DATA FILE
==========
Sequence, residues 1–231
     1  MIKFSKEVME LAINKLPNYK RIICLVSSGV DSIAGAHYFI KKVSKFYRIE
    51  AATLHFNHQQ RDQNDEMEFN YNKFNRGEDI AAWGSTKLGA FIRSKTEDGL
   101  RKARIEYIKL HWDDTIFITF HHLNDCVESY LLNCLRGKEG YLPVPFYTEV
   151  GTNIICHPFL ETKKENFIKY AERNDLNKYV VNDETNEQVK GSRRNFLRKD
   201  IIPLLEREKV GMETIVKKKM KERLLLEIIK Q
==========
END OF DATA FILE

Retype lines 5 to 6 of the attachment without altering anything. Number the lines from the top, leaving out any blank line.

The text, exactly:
   151  GTNIICHPFL ETKKENFIKY AERNDLNKYV VNDETNEQVK GSRRNFLRKD
   201  IIPLLEREKV GMETIVKKKM KERLLLEIIK Q